Getting Ready for "Life Is a Dream"

| | Comments (2)

"Drama (from the Greek verb for 'to do' or 'to act') is the major literary form that presents characters directly to the audience, usually without the intermediary of a narrator...Drama is classified according to the effect intended on the audience, as well as the choice and rendering of the materials in order to achieve that effect..."

-From Sharon Hamilton's Essential Literary Terms, page 1


I thought that since we will be reading and viewing "Life is a Dream" by Pedro Calderon de la Barca, I would look up the technical definition of drama.  Also, although I haven't read the play yet and am not sure exactly how it ends, the back of our copy of the book does call it a "romantic" drama.  Hamilton refers to Romantic Comedies as dramas that "center on a love affair between a beautiful and resourceful maiden...and a worthy suitor, who must overcome social and personal obstacles to arrive at a joyous resolution" (4).  I'm not sure if this is the type of romantic drama that the author has in mind, but I'm sure we will find out.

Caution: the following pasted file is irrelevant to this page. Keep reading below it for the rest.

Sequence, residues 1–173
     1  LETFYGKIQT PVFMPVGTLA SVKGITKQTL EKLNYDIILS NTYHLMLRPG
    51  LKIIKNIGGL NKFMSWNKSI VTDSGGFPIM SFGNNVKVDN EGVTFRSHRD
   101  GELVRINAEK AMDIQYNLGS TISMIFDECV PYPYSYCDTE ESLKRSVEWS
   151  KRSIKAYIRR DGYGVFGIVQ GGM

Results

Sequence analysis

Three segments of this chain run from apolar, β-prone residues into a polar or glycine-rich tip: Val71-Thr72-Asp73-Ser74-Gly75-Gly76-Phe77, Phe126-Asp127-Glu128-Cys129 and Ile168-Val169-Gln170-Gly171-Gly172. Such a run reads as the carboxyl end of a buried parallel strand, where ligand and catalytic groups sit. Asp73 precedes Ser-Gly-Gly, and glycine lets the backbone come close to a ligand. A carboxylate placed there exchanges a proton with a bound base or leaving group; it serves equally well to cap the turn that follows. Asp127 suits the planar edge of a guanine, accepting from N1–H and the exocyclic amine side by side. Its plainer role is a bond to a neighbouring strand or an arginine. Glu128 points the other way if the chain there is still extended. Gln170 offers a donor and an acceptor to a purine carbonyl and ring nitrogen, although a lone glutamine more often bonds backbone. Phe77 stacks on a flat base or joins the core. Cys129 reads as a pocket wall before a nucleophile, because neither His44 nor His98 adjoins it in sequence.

I also wanted to point out that Hamilton says that a drama is usually categorized "according to the effect intended on the audience" (1).  I think she might have been listening to our discussions about author's intent.

Back to course website.


Way to be ahead of things, Erica. Just because we are talking about Spanish, I thought I could give a short Spanish lesson.

Drama means "to do." The Spanish verb for "to do" is hacer. If I were to use this in a sentence I would say, "Hago mi tarea todos los dias." That means, "I do my homework every day." I don't know what "to act" is. Does anyone else?

Erica Gearhart said:

Thanks for the refresher, Angela! I am actually excited to read this play because I hope I will be able to understand some of it in Spanish. I've never read anything beyond a young adult novel in Spanish, and that only with the help of the English version, but I hope that I will be able to compare some of the Spanish with the English. I'm glad that you know Spanish too so that we can work on this together! Oh, I think that the infinitive of "to act" is just "actuar." Does that sound right?

Leave a comment

Type the characters you see in the picture above.